Olympics-Oceania allowed small quota of athletes at 2022 Asian Games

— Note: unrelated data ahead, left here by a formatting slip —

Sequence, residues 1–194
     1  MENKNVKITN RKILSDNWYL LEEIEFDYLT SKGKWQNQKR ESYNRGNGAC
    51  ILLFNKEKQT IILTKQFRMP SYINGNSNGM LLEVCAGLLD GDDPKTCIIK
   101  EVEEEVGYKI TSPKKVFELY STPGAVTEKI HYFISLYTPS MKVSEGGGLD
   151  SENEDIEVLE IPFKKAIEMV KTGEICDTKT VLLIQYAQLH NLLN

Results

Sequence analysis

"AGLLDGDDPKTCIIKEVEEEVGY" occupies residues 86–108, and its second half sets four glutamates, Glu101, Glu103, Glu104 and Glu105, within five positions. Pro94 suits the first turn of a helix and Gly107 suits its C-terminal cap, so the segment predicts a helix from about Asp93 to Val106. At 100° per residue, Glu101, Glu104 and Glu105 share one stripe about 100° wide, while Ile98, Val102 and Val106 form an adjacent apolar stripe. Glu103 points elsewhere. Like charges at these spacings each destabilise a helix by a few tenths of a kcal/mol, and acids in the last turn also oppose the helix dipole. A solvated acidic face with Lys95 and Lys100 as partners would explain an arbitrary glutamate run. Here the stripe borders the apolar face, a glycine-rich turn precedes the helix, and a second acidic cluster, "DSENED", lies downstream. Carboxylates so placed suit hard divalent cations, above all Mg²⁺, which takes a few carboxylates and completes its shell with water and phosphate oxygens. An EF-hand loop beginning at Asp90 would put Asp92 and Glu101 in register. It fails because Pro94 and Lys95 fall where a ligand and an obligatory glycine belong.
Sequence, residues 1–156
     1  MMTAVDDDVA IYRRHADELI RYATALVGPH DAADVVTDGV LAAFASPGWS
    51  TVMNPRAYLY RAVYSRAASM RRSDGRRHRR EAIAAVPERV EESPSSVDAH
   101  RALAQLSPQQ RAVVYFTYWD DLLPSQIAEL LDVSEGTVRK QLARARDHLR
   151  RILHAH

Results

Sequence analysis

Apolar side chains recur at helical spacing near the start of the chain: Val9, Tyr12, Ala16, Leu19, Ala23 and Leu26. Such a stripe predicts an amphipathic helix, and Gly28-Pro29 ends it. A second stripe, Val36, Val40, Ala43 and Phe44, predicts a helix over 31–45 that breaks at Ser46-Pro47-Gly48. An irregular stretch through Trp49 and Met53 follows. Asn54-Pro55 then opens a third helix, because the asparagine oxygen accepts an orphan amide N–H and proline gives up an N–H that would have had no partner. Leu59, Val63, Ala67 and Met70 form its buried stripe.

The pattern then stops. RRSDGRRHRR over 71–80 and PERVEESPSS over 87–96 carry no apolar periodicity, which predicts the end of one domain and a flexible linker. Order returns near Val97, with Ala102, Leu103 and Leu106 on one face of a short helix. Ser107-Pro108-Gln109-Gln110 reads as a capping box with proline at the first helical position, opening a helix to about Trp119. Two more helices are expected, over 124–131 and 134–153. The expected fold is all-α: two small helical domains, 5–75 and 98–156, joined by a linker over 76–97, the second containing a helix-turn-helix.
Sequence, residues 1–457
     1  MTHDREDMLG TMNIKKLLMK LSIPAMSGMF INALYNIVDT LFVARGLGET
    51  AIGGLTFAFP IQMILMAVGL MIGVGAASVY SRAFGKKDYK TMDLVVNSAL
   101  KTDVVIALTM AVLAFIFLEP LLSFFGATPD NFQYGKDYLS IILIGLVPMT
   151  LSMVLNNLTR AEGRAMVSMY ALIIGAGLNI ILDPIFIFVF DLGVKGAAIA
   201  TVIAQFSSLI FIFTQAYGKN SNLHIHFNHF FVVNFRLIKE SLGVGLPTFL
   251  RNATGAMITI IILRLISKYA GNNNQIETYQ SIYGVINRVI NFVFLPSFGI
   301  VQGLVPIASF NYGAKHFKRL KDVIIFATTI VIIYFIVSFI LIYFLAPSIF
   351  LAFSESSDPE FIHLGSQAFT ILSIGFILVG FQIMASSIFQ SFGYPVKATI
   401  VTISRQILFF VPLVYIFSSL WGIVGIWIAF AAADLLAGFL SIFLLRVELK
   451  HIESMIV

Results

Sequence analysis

MELBOURNE, Sept 21 (Reuters) - A small contingent of athletes from Oceania nations will be allowed to compete at the 2022 Asian Games in China so long as their qualification paths for the 2024 Paris Olympics go through Asia, the Australian Olympic Committee said on Thursday. The Olympic Council of Asia (OCA) will allow around 300 athletes and 150 support staff from Oceania nations to compete at the Hangzhou Games. "I welcome today's announcement ... of the invitation for Oceania athletes to participate in the 2022 Asian Games in Hangzhou, China in the sports for which their qualification for the next Summer Olympic Games (Paris 2024) is through Asia," AOC president John Coates said in a statement. "The international federations are currently determining their qualification rules for Tokyo 2020 and these will provide a guide as to all of the sports and NOCs for which qualification from Oceania will be through Asia for Paris 2024." The AOC's statement came two days after the OCA's powerful President Sheikh Ahmad Al Fahad Al Sabah said the Asian Games was already too big to accommodate Oceania athletes. Coates, an IOC Vice President and of the world's most influential sports administrators, has long pushed for Australia's athletes to be included in the Asian Games to expose them to stiffer competition. The nation's athletes competed at the Asian Winter Games as "guests" in Sapporo earlier this year. Coates said volleyball, soccer, basketball and equestrian were among the sports for which Olympic qualification for Australia would likely be through Asia. "It is however unlikely that equestrian would take up this opportunity because quarantine rules generally require the horses to be quarantined for up to six months on return from China," he added. Next year's version of the quadrennial Asian Games, which is second in size only to the Summer Olympics, takes place in Indonesia with the 2022 edition scheduled for Hangzhou, China. (Reporting by Ian Ransom; Editing by Greg Stutchbury)